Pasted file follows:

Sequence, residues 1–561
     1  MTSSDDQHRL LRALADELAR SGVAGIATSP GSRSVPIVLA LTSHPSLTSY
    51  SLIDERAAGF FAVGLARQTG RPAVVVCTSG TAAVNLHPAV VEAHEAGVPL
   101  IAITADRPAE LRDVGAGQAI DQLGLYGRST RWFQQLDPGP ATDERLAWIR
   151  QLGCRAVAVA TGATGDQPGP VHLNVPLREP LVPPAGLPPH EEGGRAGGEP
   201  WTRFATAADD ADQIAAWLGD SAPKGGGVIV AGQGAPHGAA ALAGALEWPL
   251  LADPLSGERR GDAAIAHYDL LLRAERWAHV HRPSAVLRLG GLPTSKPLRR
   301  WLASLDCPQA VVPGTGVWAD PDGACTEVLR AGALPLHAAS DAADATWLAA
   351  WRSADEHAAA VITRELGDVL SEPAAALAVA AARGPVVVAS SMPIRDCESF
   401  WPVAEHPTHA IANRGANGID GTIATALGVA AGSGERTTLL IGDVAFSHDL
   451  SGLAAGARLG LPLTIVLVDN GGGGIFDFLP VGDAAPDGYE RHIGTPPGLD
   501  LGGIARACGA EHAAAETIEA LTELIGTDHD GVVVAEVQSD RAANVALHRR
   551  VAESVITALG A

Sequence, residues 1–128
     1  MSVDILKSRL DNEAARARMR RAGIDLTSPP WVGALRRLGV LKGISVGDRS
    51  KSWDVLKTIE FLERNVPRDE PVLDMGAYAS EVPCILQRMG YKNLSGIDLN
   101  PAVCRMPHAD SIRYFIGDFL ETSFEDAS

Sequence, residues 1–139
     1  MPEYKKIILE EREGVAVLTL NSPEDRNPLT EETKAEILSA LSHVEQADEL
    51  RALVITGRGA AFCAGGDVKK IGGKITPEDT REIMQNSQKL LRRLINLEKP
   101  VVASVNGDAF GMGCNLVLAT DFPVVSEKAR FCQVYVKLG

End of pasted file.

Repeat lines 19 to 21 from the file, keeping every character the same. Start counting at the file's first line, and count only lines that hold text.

     1  MPEYKKIILE EREGVAVLTL NSPEDRNPLT EETKAEILSA LSHVEQADEL
    51  RALVITGRGA AFCAGGDVKK IGGKITPEDT REIMQNSQKL LRRLINLEKP
   101  VVASVNGDAF GMGCNLVLAT DFPVVSEKAR FCQVYVKLG